The survey revealed that only 61% of schools considered that ‘adequate’ pain management education had been delivered to their students. Also, less than 50% of respondents were aware of the IOM report on pain in 2011 (48%) or of the IASP guidelines for PT pain education (46%).
Action Steps to Improve Pain Education in PT Programs
- Awareness of, and adherence to, recommendations and educational advancements outlined in the IOM report, IASP guidelines, and the National Pain Strategy
- Implementation of stand-alone, pain-specific courses.
- The inclusion of standardized pain curriculum requirements through accreditation groups, and testing of pain knowledge and clinical competency with licensure examination
- Integration of interprofessional pain management competencies through learning activities and outcome assessment (8)
- Integration of psychosocial and cognitive-behavioral interventions.
- Integration of nutrition, CAM and lifestyle interventions.
The above changes to Physical Therapy school curricula will ensure that students enter practice with the knowledge and skills necessary to meet the full potential of the PT profession, in turn, reducing the large human and economic costs of unrelieved pain and suffering.Because pain is one of the most common reasons for seeking Physical Therapy services, physical therapists need to be able to understand pain at a deep level to evaluate, treat and support their clients or patients. Click To Tweet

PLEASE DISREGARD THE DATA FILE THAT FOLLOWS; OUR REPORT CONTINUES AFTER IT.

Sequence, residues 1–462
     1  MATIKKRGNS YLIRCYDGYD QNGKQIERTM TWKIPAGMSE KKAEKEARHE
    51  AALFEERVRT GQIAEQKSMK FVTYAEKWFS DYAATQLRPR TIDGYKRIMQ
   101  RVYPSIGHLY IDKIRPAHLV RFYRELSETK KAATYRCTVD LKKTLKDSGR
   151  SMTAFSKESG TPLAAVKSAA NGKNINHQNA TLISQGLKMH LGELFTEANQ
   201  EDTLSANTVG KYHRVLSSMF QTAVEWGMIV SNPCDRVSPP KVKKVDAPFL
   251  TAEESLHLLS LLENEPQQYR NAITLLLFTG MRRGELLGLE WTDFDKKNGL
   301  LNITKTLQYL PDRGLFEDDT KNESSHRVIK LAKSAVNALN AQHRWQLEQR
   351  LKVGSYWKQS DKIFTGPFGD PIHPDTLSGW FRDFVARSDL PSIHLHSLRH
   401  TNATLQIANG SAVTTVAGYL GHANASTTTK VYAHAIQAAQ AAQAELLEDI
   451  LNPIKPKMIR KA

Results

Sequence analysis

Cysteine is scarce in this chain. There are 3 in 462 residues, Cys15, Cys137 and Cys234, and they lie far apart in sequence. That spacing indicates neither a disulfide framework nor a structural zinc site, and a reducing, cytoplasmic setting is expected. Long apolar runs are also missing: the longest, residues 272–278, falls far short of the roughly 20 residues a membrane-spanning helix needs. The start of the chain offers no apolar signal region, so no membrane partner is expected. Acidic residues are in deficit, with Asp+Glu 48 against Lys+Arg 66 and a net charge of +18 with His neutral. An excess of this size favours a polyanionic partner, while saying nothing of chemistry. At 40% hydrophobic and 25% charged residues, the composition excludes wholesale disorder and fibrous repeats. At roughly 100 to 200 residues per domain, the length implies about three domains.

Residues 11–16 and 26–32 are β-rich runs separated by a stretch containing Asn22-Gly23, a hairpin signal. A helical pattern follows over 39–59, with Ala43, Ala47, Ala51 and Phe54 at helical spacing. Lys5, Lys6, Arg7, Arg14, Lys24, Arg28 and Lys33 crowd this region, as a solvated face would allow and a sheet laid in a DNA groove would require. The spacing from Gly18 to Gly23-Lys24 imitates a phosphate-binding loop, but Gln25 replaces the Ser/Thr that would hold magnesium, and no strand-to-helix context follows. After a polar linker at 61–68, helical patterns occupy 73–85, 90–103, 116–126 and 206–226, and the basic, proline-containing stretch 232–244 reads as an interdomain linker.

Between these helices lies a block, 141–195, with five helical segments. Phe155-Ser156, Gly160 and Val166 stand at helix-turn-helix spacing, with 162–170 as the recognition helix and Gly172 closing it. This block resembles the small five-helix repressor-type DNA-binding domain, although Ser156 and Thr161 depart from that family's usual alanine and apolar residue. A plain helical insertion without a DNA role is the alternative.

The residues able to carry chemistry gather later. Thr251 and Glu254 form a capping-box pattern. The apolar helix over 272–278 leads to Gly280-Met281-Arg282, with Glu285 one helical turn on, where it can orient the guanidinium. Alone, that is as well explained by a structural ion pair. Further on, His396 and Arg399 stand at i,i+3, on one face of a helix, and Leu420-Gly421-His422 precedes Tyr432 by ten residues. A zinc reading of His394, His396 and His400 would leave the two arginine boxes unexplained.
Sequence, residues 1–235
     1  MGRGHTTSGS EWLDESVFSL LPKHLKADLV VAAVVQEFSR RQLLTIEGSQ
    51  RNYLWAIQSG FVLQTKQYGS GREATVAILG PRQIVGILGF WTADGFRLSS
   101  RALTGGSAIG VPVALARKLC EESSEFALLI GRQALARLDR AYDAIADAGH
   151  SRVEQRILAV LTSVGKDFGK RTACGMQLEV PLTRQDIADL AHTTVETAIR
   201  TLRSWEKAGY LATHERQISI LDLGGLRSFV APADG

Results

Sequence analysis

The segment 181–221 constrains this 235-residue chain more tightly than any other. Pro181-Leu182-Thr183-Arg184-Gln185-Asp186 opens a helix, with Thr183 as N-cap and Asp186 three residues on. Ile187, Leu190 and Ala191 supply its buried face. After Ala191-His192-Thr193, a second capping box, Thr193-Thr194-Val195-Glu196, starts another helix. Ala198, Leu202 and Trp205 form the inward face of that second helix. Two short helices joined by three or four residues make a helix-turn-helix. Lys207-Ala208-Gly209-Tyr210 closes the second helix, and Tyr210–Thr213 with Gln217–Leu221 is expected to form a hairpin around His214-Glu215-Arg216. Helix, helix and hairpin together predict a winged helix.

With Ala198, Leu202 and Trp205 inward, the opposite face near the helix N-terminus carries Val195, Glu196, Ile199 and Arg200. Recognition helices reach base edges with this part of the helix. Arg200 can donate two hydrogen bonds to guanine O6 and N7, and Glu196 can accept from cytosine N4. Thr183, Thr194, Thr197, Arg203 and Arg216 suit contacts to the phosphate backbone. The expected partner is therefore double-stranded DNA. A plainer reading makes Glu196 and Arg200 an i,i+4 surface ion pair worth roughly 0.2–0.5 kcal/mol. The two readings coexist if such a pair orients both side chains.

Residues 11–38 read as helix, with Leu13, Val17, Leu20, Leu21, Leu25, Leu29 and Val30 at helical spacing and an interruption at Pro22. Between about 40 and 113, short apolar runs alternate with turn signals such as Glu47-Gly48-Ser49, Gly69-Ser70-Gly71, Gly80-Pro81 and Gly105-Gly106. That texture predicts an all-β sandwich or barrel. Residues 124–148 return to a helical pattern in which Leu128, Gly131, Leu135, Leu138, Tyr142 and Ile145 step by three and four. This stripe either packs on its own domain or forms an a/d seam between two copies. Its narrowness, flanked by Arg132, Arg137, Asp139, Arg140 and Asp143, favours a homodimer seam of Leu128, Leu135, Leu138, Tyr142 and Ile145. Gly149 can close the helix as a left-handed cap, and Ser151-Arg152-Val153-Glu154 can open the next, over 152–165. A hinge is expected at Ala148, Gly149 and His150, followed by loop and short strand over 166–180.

Do you have first-hand experience in pain education?
Did you receive pain education or pain science education training in school?
Leave me a comment on the Institute Facebook page!
1- IOM Committee on Advancing Pain Research Care. Relieving Pain in America: A Blueprint for Transforming Prevention, Care, Education, and Research. Institute of Medicine. Washington (DC): National Academies Press; 2011.
2- Fishman, S. M., Young, H. M., Lucas Arwood, E., Chou, R., Herr, K., Murinson, B. B., … & Bakerjian, D. (2013). Core competencies for pain management: results of an interprofessional consensus summit. Pain Medicine, 14(7), 971-981.
3- Bement, M. K. H., & Sluka, K. A. (2015). The current state of physical therapy pain curricula in the United States: a faculty survey. The Journal of Pain, 16(2), 144-152.
4- Sluka, K. A. (2016). Mechanisms and management of pain for the physical therapist. Lippincott Williams & Wilkins.
5- McMahon, S., Kolzenburg, M., Tracey, I., & Turk, D. Wall and Melzack’s Textbook of Pain. Philadelphia, Elsevier, 2013
6- Butler, D.S., & Moseley, L.S. Explain Pain. Adelaide, Noigroup Publications, 2003
7- Fishman, S. M. (2012). Bonica’s management of pain. Lippincott Williams & Wilkins.
8- Hoeger Bement, M. K., St. Marie, B. J., Nordstrom, T. M., Christensen, N., Mongoven, J. M., Koebner, I. J., … & Sluka, K. A. (2014). An interprofessional consensus of core competencies for prelicensure education in pain management: curriculum application for physical therapy. Physical therapy, 94(4), 451-465.